Credit must be given (anonymously, to protect client confidentiality) to a client who actually understood the Miranda warnings. After being arrested on suspicion of certain illegal activities, the arresting officer read him the standard Miranda warnings and then asked if he wanted to speak with police and answer questions relating to the incident in which he was a suspect. In other words, the officer asked if he wanted to be interrogated and confess to the suspected crimes.
Anything You Say Can and Will Be Used Against You
We have all heard the Miranda warnings untold numbers of times in television programs and movies. They are referenced in news reports, and sometimes even find their way into casual conversation. “You have the right to remain silent. Anything you say can and will be used against you….”
This client actually understood the warning he was given by the police officer. When the officer finished reading Miranda and asked him if we wanted to talk, he responded (paraphrasing here), “I don’t mean to be disrespectful, but you just told me that anything I say will be used against me. If what I say will be used against me, then I don’t think I should say anything.”
Right to Remain Silent – Risks and Benefits
The right to remain silent (aka, privilege against self-incrimination) is guaranteed under the Fifth Amendment of the United States Constitution. The Miranda warnings do not create the right. Instead, the right to remain silent and the privilege against self-incrimination exist independent of any warnings or notices given by police. Miranda warnings are required under United States Supreme Court precedent, as a way to help prevent coerced confessions and to ensure that people understand their rights and have the opportunity to make an informed decision when being asked to give up those rights.
Engaging in a risk-benefit analysis can be an important part of the process of making an informed decision regarding your rights. There will always be some level of risk associated with making any statement to police. As stated in the Miranda warnings, any information you provide to police “can and will be used against you.” Understanding that level of risk is necessary in order to intelligently balance that risk against any potential benefit that may come from talking with police.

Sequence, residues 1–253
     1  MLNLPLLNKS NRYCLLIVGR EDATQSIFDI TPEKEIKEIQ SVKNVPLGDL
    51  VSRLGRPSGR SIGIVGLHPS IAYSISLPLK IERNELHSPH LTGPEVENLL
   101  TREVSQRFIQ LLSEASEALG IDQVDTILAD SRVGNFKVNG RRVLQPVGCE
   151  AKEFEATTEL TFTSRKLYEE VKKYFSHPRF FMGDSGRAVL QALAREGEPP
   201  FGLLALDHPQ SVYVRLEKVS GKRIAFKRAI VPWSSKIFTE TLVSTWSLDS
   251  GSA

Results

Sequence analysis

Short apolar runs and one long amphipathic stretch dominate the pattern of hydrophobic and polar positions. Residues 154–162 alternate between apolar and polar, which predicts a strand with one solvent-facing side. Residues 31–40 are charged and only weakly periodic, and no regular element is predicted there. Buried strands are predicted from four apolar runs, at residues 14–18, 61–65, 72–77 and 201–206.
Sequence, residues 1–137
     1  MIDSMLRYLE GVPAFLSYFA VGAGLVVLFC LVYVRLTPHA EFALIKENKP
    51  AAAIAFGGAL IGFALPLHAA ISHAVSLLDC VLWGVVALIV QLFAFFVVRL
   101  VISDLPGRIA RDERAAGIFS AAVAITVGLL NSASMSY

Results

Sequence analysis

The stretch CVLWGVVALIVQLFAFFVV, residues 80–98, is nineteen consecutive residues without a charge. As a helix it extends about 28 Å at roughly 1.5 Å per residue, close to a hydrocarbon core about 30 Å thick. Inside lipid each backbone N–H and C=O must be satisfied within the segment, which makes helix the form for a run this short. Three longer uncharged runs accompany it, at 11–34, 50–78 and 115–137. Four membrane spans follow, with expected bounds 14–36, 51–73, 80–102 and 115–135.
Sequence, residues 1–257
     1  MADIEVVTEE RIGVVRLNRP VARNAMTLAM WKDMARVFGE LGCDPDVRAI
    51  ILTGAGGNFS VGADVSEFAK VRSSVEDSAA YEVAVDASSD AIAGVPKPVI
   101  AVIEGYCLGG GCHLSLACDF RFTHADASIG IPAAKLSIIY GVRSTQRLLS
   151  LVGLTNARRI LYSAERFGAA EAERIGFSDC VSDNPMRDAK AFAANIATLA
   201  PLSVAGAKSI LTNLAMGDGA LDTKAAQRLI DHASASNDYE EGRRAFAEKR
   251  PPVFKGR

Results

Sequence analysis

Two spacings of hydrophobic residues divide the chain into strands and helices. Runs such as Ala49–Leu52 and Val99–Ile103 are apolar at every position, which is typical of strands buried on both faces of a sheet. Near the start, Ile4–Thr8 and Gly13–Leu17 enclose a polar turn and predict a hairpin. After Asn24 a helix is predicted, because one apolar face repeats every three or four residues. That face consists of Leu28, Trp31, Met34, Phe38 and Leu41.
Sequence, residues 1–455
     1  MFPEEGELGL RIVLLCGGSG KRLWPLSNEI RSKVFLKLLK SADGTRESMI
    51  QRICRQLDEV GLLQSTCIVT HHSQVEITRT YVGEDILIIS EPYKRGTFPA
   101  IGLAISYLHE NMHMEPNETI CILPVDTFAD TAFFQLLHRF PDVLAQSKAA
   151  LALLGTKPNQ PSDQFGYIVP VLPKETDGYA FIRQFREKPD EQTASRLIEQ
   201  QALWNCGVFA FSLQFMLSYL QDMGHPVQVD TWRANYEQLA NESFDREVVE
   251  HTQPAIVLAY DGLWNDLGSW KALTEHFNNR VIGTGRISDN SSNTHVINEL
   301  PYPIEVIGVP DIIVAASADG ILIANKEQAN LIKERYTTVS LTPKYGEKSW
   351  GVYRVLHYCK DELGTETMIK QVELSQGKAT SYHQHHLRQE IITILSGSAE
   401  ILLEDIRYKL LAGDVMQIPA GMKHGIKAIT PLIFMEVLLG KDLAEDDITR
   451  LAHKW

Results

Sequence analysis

When the benefits outweigh the risks, it may make sense to waive the right to remain silent and instead choose to talk with police. When there are no identifiable benefit, or when potential benefits are small and risks are great, exercising the Fifth Amendment privilege against self-incrimination and refusing to answer questions may be the best option.
Right to Have an Attorney Present
The right to remain silent and the right to counsel are independent rights. If you choose to speak to police, you still have the right to be represented by an attorney and to have your attorney present during any questioning, interview, or interrogation with police. Consultation with an attorney prior to deciding whether to speak with police and the assistance of counsel during questioning are both important constitutional rights.
Invoking Fifth Amendment Privileges and Rights
If you choose exercise your privilege against self-incrimination under the Fifth Amendment and not speak with police, you should make it clear to the officers involved that you are exercising your constitutional rights. Simply telling the police you don’t want to talk or refusing to answer questions can leave the door open for police to make repeated attempts to question you. Not clearly stating that you are invoking your Fifth Amendment rights can also leave the door open for a prosecutor to try to use your silence against you in court.
A simple statement can often be sufficient – “I am invoking my Fifth Amendment rights, and I refuse to answer any questions until I have first had an opportunity to consult with my attorney.” But it is always best to consult with an attorney to ensure that your rights are protected.
Contact a Utah Attorney
Having the assistance and counsel of an experienced attorney can be critical when facing possible criminal charges. We are pleased to provide legal services to clients all along the Wasatch front, and throughout all of Utah. Contact us today to arrange for an initial attorney consultation.
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